It's hardly a secret that the coronavirus pandemic was woefully unkind to shopping malls. For one thing, restrictions early on in the pandemic compelled many malls to shut their doors. Once malls were allowed to reopen, foot traffic was extremely sluggish in some spots as safety concerns kept consumers out of malls.
Compounding the problem was the record number of retail bankruptcies that took place in 2020. Some of those led to store closures. Other retailers made the decision to shutter locations outside of bankruptcy filings.
All told, shopping malls closed off 2020 on a pretty bleak note. And numbers recently reported by Bloomberg back that up.
A notable decline
Malls saw their real estate value plunge an average of 60% in 2020. Following a new round of appraisals, 118 retail mall properties lost a collective $4 billion in value compared to what they appraised for in 2019. And at this point, only about 50% of the country's 1,100 indoor malls have a good chance of staying open for the long haul, according to an analysis by Compass Point Research & Trading.
Of course, some malls stand a stronger chance than others. Those with fewer vacancies and in prime locations could continue to thrive in the coming years. But malls in largely abandoned locales that were seeing minimal foot traffic before the pandemic could soon be on their way out.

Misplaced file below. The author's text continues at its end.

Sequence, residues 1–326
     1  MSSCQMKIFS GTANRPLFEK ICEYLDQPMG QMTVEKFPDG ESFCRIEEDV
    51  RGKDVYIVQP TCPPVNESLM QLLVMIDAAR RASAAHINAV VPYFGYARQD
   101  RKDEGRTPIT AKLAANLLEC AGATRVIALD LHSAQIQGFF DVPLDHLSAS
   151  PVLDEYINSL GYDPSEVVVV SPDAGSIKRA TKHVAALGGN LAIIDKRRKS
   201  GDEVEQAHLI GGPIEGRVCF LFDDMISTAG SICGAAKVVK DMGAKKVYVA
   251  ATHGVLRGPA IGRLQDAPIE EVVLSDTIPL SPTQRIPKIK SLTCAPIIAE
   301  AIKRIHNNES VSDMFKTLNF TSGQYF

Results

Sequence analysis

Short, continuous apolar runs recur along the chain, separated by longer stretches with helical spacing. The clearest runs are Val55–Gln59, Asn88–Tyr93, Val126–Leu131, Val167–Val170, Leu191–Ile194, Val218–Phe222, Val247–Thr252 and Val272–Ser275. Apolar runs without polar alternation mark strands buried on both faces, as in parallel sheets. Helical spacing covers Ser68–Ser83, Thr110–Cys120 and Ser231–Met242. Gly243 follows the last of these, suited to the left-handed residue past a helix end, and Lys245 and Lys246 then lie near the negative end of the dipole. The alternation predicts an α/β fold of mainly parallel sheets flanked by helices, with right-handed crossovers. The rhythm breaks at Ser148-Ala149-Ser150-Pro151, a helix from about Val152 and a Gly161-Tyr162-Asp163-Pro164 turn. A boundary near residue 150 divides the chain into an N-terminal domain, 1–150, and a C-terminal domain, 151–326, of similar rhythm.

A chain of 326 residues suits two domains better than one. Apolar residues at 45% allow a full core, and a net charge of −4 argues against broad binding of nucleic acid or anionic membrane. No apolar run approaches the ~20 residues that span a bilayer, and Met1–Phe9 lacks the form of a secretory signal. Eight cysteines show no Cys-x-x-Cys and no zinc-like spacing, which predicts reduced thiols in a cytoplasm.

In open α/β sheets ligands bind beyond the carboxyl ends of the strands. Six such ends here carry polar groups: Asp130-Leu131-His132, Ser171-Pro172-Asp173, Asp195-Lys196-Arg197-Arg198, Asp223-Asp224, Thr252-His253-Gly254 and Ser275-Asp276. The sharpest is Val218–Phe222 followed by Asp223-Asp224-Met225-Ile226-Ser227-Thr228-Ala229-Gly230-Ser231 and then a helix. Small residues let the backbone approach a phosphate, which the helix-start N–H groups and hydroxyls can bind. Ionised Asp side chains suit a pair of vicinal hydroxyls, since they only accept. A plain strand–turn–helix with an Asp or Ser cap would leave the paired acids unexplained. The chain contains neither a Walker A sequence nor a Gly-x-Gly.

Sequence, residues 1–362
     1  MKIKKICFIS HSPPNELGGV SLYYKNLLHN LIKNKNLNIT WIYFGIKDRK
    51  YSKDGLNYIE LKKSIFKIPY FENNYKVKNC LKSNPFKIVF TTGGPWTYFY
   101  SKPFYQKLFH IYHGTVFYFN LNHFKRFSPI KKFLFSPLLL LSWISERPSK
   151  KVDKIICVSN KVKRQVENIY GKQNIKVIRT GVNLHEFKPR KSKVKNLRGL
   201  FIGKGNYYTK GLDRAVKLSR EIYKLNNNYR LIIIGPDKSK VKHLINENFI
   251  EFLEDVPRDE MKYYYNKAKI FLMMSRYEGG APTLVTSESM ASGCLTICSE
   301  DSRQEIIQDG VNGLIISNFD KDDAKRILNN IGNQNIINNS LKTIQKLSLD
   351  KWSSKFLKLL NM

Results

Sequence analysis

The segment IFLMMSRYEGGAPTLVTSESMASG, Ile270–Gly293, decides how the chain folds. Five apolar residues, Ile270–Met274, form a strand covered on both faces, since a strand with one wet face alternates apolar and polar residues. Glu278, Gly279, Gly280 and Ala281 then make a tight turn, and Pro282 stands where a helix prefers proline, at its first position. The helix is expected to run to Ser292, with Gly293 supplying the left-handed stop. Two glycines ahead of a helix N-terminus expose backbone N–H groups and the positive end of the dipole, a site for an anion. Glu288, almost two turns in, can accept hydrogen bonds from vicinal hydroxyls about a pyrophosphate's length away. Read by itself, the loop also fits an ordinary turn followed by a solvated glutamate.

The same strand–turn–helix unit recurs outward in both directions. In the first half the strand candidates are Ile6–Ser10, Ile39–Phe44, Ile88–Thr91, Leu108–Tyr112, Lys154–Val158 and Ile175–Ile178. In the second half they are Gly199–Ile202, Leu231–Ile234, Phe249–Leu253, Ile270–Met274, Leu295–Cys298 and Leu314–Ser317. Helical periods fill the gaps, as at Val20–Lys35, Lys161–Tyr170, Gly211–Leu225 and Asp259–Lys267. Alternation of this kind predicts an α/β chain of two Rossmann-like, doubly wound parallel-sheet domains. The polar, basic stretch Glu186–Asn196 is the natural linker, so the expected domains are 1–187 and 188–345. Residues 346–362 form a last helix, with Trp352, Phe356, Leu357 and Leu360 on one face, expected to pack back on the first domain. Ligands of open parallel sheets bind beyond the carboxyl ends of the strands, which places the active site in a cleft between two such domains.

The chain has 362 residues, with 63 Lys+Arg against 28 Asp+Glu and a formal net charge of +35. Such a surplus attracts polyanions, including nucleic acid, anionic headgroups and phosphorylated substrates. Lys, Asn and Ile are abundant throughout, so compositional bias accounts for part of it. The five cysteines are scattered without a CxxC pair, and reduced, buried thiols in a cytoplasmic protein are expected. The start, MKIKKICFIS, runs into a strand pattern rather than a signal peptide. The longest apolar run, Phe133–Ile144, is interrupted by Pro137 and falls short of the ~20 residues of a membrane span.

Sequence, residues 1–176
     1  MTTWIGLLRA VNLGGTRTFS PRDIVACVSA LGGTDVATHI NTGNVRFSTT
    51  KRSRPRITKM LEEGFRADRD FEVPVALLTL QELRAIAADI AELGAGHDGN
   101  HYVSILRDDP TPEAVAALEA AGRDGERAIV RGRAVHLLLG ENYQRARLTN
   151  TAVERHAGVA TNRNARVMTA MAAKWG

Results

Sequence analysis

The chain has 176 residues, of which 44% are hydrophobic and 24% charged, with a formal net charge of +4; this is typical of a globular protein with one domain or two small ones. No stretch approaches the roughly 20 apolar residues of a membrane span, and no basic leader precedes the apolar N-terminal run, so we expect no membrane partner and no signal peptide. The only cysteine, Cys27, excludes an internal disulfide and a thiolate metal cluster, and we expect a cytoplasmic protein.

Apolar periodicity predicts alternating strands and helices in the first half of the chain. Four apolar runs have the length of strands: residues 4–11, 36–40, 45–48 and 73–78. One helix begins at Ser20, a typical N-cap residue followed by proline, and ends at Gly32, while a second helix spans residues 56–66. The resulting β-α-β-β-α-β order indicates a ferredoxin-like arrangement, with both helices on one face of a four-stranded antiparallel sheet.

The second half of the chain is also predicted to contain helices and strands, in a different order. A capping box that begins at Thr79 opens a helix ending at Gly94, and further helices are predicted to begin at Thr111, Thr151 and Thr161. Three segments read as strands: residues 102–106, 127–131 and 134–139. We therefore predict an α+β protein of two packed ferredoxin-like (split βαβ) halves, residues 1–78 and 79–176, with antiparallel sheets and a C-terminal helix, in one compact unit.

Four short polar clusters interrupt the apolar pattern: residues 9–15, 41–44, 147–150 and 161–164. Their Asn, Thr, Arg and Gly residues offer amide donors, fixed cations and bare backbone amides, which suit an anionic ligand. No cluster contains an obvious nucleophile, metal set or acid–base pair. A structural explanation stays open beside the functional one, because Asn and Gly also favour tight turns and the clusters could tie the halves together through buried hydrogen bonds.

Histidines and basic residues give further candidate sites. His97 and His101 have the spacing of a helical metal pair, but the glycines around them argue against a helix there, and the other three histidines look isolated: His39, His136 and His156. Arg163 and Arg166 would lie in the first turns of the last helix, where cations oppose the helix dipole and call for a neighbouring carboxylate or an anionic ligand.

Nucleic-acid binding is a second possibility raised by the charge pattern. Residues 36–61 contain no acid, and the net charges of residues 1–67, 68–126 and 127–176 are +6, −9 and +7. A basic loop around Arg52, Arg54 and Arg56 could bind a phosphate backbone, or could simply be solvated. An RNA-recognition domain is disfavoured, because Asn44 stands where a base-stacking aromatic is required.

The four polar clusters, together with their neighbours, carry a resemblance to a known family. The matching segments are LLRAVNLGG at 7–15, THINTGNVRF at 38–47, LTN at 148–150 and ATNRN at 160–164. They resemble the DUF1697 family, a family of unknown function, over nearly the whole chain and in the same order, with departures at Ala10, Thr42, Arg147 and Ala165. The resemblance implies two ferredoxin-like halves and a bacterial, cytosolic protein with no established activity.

A new purpose for malls
The good news is that malls that aren't salvageable as retail shopping hubs could still be repurposed in the coming years. There's already been talk of converting some malls to apartments. Of course, going from commercial to residential use is a process, but it's an option nonetheless.
Other dying malls, meanwhile, could be converted to warehouses and distribution centers. There's been a huge boom in online shopping during the pandemic, and it's likely that digital sales will remain strong now that so many consumers have changed their habits. Repurposing malls as fulfillment centers therefore makes a lot of sense.
The rollout of coronavirus vaccines could drive some people back into malls -- but chances are, consumers will continue to favor digital orders and outdoor, open air shopping centers in the near term. Furthermore, a growing number of retailers are expanding their off-mall presence. In the next few years, these stores could take a lot of business away from malls.
Late last year, Coresight Research put out an estimate that 25% of U.S. malls could close within three to five years. That's a reality mall REIT (real estate investment trust) investors need to come to grips with. While Class A malls may have a fair amount of staying power, lower-tiered malls may soon cease to serve as shopping hubs as their value continues to decline.
Now if retail sales rebound nicely in 2021 so that store closures are halted and consumer sentiment shifts to embrace indoor shopping, it could be enough to stave off mall closures for a period of time. But at some point, investors will have to accept the fact that when it comes to malls, only the strongest are apt to survive.